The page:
Hidden costs of customer service software

6th Mar 2014

In today’s omni-channel world, consumers now expect to be able to seamlessly move from one customer touch-point to another, receiving the same level of service across each of them – effortlessly.

Key to an organisation being able to provide this service is having the right customer service software technology in place. The rewards are two-fold - improving customer satisfaction levels, whilst generating proven cost savings.

With Forrester reporting that nearly 70% of consumers use web self-service and 43% use live chat, it is evident that the majority of consumers prefer to use a company website to find answers to their questions rather than contacting via telephone or e-mail. Those organisations that offer a multi-channel customer service can, on average, deflect the volume of inbound calls and e-mails they receive by up to 40%.

However, as well implemented and maintained as your customer service software may be, if you choose a vendor based primarily on their product set and overlook their pricing model and account management offering, you may well find your organisation hit by unexpected bills, putting a significant drain on your bottom line.

Web self-service has many benefits for an organisation;

*Reduce costs / fast ROI
*Increase FCR / conversion rates
*Improve customer satisfaction / loyalty
*Provide valuable customer insight - analytics

A major benefit of web self-service tools is their ability to support your business during real times of need i.e. during seasonal peaks in customer contact or a sudden surge of enquiries caused by an unexpected event - like adverse weather conditions disrupting flights for travel companies or storms creating power cuts for utility providers. It's during these periods of increased customer contact - often out of contact centre hours – that organisations rely on self-service tools, helping to alleviate the weight of inbound enquiries to contact centre agents.

Shouldn’t web self-service support an organisation as well as the customer?

During elevated traffic levels, organisations should be safe in the knowledge that their self-service tools are able to handle an un-limited number of questions by an un-limited number of customers 24/7, however, if your pricing model is based on a pay-per-session model rather than a fixed-cost agreement, you could find your costs spiraling rather than providing you with a fast ROI.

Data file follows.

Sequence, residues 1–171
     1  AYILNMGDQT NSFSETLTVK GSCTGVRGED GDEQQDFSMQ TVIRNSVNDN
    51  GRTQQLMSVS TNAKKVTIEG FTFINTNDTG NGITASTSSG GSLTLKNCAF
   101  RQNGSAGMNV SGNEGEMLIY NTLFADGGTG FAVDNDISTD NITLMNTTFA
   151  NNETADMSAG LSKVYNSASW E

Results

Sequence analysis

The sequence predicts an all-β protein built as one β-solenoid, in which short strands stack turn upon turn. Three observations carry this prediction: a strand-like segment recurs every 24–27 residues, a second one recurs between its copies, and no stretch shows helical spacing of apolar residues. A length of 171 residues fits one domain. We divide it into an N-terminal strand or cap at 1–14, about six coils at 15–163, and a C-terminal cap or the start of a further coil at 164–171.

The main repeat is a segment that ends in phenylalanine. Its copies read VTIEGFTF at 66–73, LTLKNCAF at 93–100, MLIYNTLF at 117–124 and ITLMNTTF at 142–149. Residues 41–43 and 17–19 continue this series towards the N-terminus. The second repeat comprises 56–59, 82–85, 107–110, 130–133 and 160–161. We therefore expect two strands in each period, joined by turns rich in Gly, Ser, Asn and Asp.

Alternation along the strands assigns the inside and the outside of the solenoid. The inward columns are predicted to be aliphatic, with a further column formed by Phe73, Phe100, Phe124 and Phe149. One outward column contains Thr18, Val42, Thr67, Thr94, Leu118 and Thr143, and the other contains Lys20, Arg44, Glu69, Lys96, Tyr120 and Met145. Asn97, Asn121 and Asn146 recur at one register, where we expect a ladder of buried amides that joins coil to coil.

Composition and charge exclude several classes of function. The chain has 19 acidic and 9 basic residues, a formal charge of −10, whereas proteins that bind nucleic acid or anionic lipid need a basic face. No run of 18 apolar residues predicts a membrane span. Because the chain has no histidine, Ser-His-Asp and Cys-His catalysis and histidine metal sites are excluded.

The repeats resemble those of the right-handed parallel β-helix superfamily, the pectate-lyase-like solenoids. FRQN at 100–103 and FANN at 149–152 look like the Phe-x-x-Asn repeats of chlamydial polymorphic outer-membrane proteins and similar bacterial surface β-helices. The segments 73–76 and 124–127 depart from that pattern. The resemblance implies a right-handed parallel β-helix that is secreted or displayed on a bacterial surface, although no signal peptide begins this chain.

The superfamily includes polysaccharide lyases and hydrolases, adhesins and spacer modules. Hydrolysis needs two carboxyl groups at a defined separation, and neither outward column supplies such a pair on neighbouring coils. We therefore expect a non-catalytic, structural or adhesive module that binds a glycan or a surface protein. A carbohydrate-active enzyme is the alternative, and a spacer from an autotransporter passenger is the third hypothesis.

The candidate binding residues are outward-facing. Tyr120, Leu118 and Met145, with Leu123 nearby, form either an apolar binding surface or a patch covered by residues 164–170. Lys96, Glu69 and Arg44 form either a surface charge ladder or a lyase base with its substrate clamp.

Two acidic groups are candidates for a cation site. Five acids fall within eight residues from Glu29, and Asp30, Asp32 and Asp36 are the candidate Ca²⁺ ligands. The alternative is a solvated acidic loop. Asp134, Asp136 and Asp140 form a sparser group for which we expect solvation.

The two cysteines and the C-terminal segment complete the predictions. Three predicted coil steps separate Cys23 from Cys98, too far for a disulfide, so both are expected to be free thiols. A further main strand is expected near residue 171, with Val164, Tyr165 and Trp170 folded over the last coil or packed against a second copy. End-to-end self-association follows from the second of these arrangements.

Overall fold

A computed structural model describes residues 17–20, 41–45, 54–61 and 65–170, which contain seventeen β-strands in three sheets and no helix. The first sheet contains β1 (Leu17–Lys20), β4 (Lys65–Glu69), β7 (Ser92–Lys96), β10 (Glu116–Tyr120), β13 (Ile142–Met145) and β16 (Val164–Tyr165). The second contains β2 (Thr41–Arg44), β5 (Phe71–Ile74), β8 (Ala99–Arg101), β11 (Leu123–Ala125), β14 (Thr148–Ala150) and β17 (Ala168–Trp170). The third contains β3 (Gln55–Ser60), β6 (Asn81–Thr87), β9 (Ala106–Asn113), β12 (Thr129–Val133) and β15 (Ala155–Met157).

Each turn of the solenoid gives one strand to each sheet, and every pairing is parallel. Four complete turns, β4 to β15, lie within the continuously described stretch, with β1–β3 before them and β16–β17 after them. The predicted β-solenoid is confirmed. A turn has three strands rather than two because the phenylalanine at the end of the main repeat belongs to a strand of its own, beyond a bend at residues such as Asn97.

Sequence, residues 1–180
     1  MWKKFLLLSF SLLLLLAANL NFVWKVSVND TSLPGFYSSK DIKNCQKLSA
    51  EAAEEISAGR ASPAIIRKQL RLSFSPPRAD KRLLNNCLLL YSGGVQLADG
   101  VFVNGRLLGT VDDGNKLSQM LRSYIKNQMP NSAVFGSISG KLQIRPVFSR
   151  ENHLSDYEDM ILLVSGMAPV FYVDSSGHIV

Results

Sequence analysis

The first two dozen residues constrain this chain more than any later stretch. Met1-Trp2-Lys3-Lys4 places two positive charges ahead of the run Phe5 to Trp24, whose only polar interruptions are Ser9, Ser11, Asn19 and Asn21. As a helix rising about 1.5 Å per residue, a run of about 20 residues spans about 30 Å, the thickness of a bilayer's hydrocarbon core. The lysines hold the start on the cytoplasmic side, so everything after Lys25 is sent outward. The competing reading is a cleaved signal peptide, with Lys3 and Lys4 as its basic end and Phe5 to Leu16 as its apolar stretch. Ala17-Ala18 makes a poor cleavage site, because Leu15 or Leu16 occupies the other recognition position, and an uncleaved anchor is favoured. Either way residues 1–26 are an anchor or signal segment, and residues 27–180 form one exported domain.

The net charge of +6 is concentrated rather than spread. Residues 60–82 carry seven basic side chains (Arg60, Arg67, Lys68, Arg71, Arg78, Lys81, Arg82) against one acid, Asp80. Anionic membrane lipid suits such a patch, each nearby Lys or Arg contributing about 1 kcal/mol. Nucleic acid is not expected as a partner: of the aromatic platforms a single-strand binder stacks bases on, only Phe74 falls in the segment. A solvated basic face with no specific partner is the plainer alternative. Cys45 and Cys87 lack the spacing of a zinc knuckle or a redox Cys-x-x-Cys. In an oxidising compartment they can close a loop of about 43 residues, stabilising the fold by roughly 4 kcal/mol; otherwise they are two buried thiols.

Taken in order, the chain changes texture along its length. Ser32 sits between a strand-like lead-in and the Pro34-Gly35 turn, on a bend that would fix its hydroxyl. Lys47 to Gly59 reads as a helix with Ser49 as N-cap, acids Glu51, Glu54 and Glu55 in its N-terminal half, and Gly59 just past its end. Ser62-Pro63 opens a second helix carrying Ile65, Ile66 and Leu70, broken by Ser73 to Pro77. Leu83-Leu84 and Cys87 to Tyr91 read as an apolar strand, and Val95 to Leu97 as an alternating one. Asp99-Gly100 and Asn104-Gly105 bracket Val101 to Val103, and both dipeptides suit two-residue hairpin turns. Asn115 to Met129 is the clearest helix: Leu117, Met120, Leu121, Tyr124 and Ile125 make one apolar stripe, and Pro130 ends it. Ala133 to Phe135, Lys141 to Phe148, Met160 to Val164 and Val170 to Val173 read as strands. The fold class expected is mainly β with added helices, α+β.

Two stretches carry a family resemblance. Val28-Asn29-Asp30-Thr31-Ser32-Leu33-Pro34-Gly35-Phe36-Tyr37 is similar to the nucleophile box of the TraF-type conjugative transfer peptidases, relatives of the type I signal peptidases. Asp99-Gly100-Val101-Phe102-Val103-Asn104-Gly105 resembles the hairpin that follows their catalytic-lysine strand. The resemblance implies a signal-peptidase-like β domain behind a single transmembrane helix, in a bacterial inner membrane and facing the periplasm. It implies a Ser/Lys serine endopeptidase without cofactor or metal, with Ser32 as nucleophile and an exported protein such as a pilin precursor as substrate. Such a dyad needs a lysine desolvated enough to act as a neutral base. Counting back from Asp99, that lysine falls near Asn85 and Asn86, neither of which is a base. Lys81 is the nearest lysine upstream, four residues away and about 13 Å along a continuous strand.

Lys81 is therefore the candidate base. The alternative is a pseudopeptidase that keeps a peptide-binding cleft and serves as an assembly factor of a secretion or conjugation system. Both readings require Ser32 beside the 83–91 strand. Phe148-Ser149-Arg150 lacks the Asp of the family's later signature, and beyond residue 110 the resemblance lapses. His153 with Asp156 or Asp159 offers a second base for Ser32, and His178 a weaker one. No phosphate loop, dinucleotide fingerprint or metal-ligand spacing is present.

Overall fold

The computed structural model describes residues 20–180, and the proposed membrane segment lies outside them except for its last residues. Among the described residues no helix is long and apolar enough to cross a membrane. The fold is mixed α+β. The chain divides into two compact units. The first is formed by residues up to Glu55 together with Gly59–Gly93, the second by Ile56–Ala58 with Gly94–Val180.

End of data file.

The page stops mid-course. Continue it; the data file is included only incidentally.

From an operational and cost perspective, pay-per-session can be unpredictable and prove difficult to manage and budget effectively. A fixed-cost pricing model, based on the amount of data in your centralised knowledge-base - something you control - means budgets can be planned efficiently, with no un-wanted bills when you experience those spikes in visitor levels.

Hidden costs – key questions to ask:

The following questions should be considered when choosing a customer service software vendor.

*Is billing based on pay-per-session or fixed costs?
*How will the payment model be affected by predicted seasonal peaks in customer contact / visitor levels?
*How will the payment model be affected by un-predicted surges in customer contact due to unforeseen events?
*Will my hosting fee be affected by increases / decreases in traffic?

If you’re considering an investment in web self-service, make sure you’re aware of all the charges you could be liable for, and not just the up-front costs. A robust vendor should offer you a transparent pricing policy – with no nasty surprises.

Free White Paper: How to choose the right customer service software vendor

Once you've identified the need for multi-channel customer service software, deciding which vendor to use can be a daunting task. To help you make a well-informed decision, we’ve written a new white paper.

Our white paper will help you to:

*Identify the key questions to ask a vendor
*Understand the implications of hidden costs
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